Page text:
How did the "new immigration" change America at the end of the nineteenth century and the beginning of the twentieth?

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pohnpei397 | College Teacher | (Level 3) Distinguished Educator

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The "new immigration" changed the United States in many ways.  Here are some of the most important ways in which it did so.

  • It provided a mass of unskilled workers to be hired by the growing factories.  This helped to drive wages down and to allow companies to provide poorer working conditions.
  • It brought political radicalism to the labor movement and the country as a whole.  Many of the new immigrants were anarchists and socialists.  They brought their radical ideas into labor unions and into the society in general.  This helped lead to political turmoil (the first Red Scare) and to the temporary success of the Socialist Party.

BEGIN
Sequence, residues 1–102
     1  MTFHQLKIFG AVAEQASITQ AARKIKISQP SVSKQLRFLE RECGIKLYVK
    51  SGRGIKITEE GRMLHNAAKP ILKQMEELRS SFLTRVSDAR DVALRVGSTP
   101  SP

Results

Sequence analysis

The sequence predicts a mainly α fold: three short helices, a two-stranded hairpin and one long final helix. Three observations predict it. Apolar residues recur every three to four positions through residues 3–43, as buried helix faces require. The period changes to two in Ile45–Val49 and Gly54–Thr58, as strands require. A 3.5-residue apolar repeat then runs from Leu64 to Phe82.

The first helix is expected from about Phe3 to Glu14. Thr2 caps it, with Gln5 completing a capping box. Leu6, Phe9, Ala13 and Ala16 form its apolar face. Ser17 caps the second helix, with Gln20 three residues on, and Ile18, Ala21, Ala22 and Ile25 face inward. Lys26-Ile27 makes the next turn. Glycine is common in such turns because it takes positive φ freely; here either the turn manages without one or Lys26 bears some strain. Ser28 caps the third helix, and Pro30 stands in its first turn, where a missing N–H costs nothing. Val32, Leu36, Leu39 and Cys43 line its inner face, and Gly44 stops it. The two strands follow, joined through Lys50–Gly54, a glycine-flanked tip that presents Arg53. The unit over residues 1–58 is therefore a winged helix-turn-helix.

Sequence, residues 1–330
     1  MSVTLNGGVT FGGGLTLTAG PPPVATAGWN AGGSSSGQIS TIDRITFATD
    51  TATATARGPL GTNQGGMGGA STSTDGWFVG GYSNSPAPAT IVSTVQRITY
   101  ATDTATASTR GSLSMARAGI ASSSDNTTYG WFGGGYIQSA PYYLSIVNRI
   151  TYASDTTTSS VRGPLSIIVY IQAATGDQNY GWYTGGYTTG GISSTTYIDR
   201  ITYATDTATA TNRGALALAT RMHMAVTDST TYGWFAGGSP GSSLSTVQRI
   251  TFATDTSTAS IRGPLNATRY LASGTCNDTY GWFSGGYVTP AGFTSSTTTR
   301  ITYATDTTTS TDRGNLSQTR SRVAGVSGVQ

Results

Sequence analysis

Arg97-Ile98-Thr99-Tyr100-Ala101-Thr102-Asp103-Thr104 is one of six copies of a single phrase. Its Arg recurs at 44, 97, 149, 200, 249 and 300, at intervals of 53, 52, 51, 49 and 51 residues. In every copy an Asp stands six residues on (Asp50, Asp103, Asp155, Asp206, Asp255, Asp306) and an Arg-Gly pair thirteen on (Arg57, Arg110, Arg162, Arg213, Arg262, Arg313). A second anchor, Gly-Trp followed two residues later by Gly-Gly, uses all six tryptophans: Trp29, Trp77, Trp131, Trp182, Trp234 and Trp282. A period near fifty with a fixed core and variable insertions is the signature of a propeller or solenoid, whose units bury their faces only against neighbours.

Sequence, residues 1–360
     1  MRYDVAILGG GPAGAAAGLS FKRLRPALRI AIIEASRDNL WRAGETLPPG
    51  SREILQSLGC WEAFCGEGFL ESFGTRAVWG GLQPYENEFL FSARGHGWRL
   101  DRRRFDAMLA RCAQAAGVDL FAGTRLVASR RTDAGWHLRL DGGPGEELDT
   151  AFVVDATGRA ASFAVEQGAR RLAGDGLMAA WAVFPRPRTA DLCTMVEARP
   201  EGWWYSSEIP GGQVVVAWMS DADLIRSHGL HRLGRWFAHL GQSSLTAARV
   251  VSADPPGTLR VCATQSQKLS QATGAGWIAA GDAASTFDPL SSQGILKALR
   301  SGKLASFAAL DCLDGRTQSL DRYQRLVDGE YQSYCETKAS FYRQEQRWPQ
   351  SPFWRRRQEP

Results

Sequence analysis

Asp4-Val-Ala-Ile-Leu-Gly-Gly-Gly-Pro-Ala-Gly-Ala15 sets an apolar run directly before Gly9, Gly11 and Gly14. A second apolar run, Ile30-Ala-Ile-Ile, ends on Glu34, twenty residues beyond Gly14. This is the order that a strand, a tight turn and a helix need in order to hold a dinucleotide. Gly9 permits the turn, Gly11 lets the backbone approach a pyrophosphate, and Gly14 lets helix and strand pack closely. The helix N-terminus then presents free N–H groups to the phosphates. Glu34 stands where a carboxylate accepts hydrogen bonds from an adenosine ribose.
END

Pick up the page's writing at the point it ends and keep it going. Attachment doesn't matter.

• It helped to increase the population of cities.  At the same time, it caused conditions in the cities to deteriorate as they became overcrowded with poor people.  This helped to bring about the call for reform in the cities that was seen in the Progressive Era.
  • It brought about nativist sentiment.  Many of the new immigrants were Catholic and Jewish.  They were from Southern and Eastern Europe.  Many Americans were prejudiced against these kinds of people and a nativist movement arose.  This helped lead to such things as the resurgence of the KKK and the eventual passage of Prohibition.

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